Hitting a driver accurately is difficult for most golfers. If you’re having issues with your driver, then you are likely willing to try anything to fix the issue.
Aside from working on your swing mechanics, buying a new driver may seem like the first logical step for improvement. Fortunately, that is not always necessary. If you struggle with making solid contact with your driver, it may make sense to swap out your driver shaft for a 3-wood shaft.
In the article below, we are going to cover all you need to know about using a 3-wood shaft in your driver. We’ll look at why some golfers choose to use a shorter shaft as well as the negative effects of using a shorter shaft. There is a lot to review so let’s get started!
Will A 3 Wood Shaft Fit In My Driver?
Yes, you can use replace a drive shaft with a 3-wood shaft. However, there are a couple of considerations you will need to think about before doing so.
Golf shafts not only come in different lengths, but they also have different weights and shaft tip sizes. Most woods have a diameter of 0.335″ or 0.350″. Before swapping out shafts, make sure your 3-wood shaft has the same diameter as your driver’s head.
There are quite a few reasons why some golfers decide to place their driver on the end of a 3-wood shaft. Here are three of the biggest benefits that you’ll get from doing this:
There aren’t many amateur golfers out there who enjoy much consistency with a driver. The long length of a typical driver shaft means that many golfers find it difficult to make solid contact with the golf ball.
Add on the fact that most people swing harder with a driver than any other club and you’ve got a recipe for inconsistency. The result of this inconsistency is shots that fly in every direction.
If you’re regularly standing on the tee box feeling unsure as to where your ball is going to fly off to upon contact, then it’s worth combining your driver’s club head with a 3-wood shaft because it’s going to increase your accuracy.
The reason for this is that a shorter shaft means there is less distance between you and the club head. This also means you are closer to the golf ball.
This reduction in the distance leads to less variability in your swing. It also results in less power generated behind the shot. This may sound like a negative but less power also generally leads to more consistency at impact.
Another benefit of using the shorter 3 wood shaft is the fact that you are increasing your chances of finding that sweet spot on the driver’s club face. Better contact on the ball means a straighter and better shot.
Reduction in speed will cause you to lose a little bit of distance in return but we will cover that in detail below.
Many people find standing closer to the ball more comfortable. While this is likely because it provides them with more belief that they will hit the ball properly, anything that makes a golfer feel more comfortable on a golf course can only be a good thing for their game.
Sadly, putting a 3-wood shaft on your driver isn’t a completely fool-proof way to solve your tee shot woes. There are some negative side effects of doing this, which are as follows.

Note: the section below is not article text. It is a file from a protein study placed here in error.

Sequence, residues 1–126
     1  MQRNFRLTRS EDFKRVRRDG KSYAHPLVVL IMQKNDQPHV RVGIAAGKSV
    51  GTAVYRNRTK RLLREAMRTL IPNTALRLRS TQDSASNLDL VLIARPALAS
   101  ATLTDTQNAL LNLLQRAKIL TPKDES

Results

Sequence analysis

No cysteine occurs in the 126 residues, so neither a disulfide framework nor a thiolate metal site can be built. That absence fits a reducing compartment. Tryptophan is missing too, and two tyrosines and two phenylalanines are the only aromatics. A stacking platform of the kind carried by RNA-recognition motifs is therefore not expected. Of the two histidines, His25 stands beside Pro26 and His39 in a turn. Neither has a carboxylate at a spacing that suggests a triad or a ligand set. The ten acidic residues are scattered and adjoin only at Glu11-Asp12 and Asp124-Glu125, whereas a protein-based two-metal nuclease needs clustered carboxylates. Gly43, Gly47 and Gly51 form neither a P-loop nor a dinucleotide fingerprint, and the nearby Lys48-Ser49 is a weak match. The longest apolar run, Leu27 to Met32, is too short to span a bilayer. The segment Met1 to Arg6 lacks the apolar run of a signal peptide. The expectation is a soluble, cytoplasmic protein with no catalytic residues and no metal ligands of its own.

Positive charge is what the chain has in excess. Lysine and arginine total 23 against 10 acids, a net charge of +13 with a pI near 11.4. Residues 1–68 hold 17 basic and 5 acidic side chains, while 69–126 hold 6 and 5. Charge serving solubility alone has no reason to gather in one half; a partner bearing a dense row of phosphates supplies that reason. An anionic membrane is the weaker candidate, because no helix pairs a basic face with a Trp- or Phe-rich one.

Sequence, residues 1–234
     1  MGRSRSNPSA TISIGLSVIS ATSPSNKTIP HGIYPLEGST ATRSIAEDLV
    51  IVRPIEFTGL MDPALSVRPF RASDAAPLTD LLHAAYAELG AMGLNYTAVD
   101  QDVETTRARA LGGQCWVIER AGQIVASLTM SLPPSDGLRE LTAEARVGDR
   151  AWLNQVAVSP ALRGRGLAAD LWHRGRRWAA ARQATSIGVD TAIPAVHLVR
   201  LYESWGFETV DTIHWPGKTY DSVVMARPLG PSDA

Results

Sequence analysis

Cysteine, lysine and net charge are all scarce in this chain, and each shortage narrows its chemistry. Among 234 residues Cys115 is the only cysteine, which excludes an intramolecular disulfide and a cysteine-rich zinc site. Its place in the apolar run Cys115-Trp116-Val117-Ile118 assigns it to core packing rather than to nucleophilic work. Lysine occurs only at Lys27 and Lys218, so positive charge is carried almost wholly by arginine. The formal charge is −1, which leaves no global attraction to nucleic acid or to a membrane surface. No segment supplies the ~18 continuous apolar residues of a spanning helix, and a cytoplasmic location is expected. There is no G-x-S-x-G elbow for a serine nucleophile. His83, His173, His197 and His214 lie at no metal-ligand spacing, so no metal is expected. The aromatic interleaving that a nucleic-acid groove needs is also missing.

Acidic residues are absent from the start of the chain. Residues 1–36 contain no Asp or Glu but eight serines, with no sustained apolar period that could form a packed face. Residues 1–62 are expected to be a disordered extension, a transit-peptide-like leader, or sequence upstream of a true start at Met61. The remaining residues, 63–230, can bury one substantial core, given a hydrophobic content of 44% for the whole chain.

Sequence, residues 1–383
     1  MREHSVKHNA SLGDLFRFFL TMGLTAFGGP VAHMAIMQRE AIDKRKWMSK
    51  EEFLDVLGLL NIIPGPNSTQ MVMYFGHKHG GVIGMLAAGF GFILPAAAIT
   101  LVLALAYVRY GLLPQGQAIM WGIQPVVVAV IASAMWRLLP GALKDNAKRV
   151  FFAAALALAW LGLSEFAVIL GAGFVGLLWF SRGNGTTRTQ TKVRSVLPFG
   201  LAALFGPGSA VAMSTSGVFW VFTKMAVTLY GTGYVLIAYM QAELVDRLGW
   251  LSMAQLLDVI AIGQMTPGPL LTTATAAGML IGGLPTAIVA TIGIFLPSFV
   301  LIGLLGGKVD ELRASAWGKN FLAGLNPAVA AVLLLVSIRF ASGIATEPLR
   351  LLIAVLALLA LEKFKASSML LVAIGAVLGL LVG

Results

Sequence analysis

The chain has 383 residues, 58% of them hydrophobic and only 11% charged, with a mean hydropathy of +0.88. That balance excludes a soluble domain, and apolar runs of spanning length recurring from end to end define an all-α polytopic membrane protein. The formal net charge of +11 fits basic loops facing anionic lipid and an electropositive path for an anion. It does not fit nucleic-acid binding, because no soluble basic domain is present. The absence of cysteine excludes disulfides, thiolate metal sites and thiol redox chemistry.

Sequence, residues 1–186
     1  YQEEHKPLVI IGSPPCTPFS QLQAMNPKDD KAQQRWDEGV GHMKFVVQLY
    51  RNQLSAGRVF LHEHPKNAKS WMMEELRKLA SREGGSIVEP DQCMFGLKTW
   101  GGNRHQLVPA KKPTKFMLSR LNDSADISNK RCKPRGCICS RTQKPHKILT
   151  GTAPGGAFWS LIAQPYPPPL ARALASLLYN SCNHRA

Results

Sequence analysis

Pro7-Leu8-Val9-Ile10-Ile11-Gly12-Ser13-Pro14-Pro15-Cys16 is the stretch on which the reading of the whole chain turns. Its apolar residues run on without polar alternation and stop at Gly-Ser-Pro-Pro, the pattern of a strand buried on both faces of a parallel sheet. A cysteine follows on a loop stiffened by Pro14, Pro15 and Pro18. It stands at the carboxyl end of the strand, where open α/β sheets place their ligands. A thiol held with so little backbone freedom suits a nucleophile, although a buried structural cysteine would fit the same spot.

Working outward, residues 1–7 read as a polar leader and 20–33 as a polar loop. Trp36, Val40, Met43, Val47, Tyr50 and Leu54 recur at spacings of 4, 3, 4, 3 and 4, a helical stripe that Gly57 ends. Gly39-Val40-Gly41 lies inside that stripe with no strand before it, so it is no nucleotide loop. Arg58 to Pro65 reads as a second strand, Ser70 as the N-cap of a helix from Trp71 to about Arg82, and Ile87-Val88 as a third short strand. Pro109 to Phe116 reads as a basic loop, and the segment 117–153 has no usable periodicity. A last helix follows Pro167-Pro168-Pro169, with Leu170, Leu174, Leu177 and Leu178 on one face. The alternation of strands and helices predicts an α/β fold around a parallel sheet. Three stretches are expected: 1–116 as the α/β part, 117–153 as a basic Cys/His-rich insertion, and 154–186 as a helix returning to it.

As we’ve already alluded to, the shorter shaft length means you can’t generate as much power behind the swing as you can with a normal driver shaft. One of the side effects of this lack of power is a slower club head speed.
Club head speed is how fast the club head is moving as it strikes the golf ball. As your club head speed will be quicker with a driver, you can hit the ball further (assuming you hit the sweet spot). Therefore, the drop in club head speed means that you aren’t going to be able to hit the ball as far.
Another reason why slower club head speed is a bad thing is because it means when things do go wrong and you don’t hit the center of the club face, you aren’t going to be bailed out by distance like you would with a driver shaft.
Although 3 woods and drivers are typically the longest golf clubs in any given bag, they do vary quite significantly from one another, on average. While both clubs continue to get lighter with evolving technology, 3-woods are still typically heavier than drivers.
The average 3-wood shaft weighs around 10 grams more than the average driver shift and the reason for this goes back to the earlier point on accuracy. The heavier the club is, the easier it is to control because it means it’s harder to generate as much power or club head speed.
3-woods are meant to be a safer alternative for drivers. Their additional weight helps to ensure that they give golfers the accuracy they need.
Another key difference between 3 wood shafts and driver shafts is length. On average, a driver shaft is somewhere between 45 and 46 inches. Whereas 3 wood shafts are usually around 43 inches in length. While three inches might not seem like a lot, it’s enough to make a noticeable difference in how the two clubs play and feel.
This 3-inch difference means that golfers can reduce the distance between themselves and the ball. This, as we mentioned earlier, makes it easier to find the sweet spot on the club face and therefore hit the ball straighter.
The process of fitting a driver club head onto a 3-wood shaft can be difficult. Aligning the shaft to the club face can be time-consuming depending on its dimensions. As a result, we always recommend buying a shorter driver shaft over using a 3-wood shaft. While you may struggle to find driver shafts that are the same length as 3 wood shafts, you shouldn’t have an issue finding ones that measure up to 44 inches.
Many golfers struggle off the tee with a driver. Using a 3-wood shaft in your driver is a novel approach to fixing your tee shots. While this approach can be effective, we would recommend purchasing a shorter driver shaft. Use the tips above when replacing your driver shaft for the best results.
Hopefully, you liked this article and found it informative. Check out our other blog posts if you liked this one!